We are wrapping up a rather volatile month of trading. There was some considerable volatility in May, but in the end the major market indices were roughly where they were at the end of April. Stocks, which had been in decline for most of May, recovered last week.
Will June bring more of the same?I’ll make some predictions about what the next month will mean Netflix (American Football League 1.15%)cruise line stocks, and a fragile Elon Musk deal Twitter (TWTR -1.42%). Let’s dive in.
1. Netflix will head higher in June
There is a bearish narrative for Netflix. The leading premium streaming video service has clearly lost a step after becoming the only major platform to experience a sequential drop in subscribers in the first quarter. Clouded and grey, Netflix is now targeting an even bigger streak of hits to its membership this quarter.
Here comes the counterargument.If Netflix Lost Relevance, Why Kate Bush’s run up the mountain Climbing to the top of the iTunes download charts this holiday weekend?The 1985 song went viral after being featured in the new season stranger things, Debuts on Friday. Netflix isn’t going away. It remains the king of entertainment.
It still attracts viewers who envy the streaming space, and now it’s hungry. Netflix won’t release new financials until July, but it’s also smart enough to split new seasons Stranger Things Divided into two volumes. The second half of the installment won’t be released until early July, locking in subscribers through a tough quarter that everyone expected. At this point, the pros outweigh the cons.
2. Cruise stocks to outperform in June
Retailers have been reporting lackluster results this earnings season, and it’s becoming increasingly clear that shoppers are shifting their spending from physical items to experiences. This makes tourism businesses the main beneficiaries of the upcoming tourist season, but there is a problem.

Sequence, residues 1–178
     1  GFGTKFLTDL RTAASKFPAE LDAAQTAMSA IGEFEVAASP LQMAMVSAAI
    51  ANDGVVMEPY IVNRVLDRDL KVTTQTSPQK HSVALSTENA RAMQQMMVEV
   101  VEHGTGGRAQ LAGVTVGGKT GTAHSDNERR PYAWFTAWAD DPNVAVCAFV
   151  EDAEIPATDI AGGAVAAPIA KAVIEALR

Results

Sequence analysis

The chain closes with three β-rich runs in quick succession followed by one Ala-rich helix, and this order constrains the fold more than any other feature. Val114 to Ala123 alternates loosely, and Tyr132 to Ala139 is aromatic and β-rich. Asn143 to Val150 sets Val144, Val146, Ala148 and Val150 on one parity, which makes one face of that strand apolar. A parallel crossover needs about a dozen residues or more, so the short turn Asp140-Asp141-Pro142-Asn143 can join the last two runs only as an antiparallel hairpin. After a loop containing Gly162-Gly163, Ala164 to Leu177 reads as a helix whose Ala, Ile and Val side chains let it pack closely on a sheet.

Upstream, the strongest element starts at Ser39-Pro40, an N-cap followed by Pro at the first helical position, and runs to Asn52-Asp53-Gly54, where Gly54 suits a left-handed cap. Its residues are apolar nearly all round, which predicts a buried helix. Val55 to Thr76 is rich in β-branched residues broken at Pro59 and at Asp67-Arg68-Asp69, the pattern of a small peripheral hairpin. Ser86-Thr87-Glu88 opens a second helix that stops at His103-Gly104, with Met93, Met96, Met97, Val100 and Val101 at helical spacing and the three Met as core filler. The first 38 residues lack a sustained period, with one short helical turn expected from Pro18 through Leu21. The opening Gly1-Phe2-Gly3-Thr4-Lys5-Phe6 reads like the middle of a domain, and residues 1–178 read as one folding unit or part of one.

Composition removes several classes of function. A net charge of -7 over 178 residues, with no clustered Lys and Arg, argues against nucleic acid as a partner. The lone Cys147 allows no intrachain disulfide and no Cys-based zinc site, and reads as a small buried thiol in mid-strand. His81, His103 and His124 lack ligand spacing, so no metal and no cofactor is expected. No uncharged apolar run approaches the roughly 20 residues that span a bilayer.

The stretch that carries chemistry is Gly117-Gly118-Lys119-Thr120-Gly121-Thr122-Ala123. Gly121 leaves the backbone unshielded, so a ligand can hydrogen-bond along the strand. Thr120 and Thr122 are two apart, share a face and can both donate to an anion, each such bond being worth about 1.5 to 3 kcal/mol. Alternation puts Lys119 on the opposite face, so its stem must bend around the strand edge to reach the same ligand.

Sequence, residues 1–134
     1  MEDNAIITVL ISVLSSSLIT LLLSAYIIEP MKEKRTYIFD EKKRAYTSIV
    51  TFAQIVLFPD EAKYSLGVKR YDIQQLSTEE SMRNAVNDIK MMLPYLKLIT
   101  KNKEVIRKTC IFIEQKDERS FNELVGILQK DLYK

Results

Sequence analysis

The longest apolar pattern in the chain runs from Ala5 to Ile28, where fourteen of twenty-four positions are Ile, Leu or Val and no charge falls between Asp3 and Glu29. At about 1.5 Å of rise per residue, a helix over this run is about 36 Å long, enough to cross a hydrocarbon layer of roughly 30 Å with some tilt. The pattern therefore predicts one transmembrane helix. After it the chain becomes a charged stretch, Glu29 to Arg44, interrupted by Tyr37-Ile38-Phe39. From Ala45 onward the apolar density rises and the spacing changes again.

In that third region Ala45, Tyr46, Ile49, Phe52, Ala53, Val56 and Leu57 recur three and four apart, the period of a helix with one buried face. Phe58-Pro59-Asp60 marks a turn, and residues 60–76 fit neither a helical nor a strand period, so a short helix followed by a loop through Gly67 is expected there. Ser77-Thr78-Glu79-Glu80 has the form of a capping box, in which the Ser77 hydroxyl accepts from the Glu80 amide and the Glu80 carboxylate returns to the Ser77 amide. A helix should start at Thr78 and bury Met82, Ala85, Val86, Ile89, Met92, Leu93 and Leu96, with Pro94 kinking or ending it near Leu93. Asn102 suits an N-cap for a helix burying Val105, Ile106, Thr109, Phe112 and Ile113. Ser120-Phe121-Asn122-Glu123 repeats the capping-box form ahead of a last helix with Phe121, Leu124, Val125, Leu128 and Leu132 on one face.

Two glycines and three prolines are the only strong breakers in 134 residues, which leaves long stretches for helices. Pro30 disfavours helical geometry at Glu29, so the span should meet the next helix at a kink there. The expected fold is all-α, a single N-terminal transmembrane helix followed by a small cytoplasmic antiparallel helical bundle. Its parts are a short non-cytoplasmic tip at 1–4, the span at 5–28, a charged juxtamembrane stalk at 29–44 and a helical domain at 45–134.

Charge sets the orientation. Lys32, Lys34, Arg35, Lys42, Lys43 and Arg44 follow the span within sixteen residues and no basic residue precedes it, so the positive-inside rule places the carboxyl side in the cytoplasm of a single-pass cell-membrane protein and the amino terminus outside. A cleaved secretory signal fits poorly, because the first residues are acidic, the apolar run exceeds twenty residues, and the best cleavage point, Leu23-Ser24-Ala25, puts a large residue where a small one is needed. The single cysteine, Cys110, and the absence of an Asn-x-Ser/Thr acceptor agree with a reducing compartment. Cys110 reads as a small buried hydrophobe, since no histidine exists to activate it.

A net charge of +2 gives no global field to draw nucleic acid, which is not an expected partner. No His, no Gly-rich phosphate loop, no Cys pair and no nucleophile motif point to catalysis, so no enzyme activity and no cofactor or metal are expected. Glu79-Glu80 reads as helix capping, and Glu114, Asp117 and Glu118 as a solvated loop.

Natural gas prices are rising, and relief doesn’t appear to be coming anytime soon. We’ve seen demand for road trips destroyed, but cruise ships are another story. Fuel costs are a major cost component for cruise operators, but they have so much revenue leverage to pull a cruise ship full of passengers who have pent-up demand for the high seas and exotic ports of call.
carnival (copper clad laminate -0.64%) is the largest cruise operator in the world. It will report quarterly results in late June. It would be a shock if bookings at higher price points didn’t increase in the future. It’s too early for an industry rebound in 2020, but despite improving fundamentals, all three major players have pulled back sharply.Whether the market rises or falls in June, I predict Cruise Line Stock will beat the major indices.
3. The Twitter acquisition will fall apart
There’s a lot of drama (and uncertainty) behind Elon Musk’s $44 billion acquisition of Twitter. He has stepped up his social media antics in recent weeks, appearing to try to negotiate a better price in public.
Like selling one of Musk’s most popular electric cars, there’s no bargaining. WYSIWYG, the board issued a preliminary proxy statement two weeks ago reiterating that it expects to close the transaction at the agreed price.
Shareholders are starting to lose patience. Musk’s ally Egon Durban — co-CEO and managing director of the Silver Lake private equity firm — didn’t get enough votes at last week’s shareholder meeting to keep his seat on Twitter’s board. Shares trade at a 26% discount to Musk’s $54.20 per share purchase price. That gap may seem like a once-in-a-lifetime opportunity for investors looking to easily buy in a few months from now, but it’s also a signal from the market that there’s a good chance the deal won’t go through.
Musk will have to Pay $1 billion If the deal doesn’t go through, and the fine print in the contract apparently gives Twitter the ability to sue him if the deal goes through. Despite Musk’s confidence in his talents in science, business and politics, it’s clear the deal isn’t likely to close anytime soon.
Why wait? Why not just tear off the bandage now? My third and final prediction is that instead of dragging on longer and only hurting Musk’s reputation, he will quietly hand over a $1 billion deal break fee, preferably before Twitter can’t sue him for the consequences Under conditions.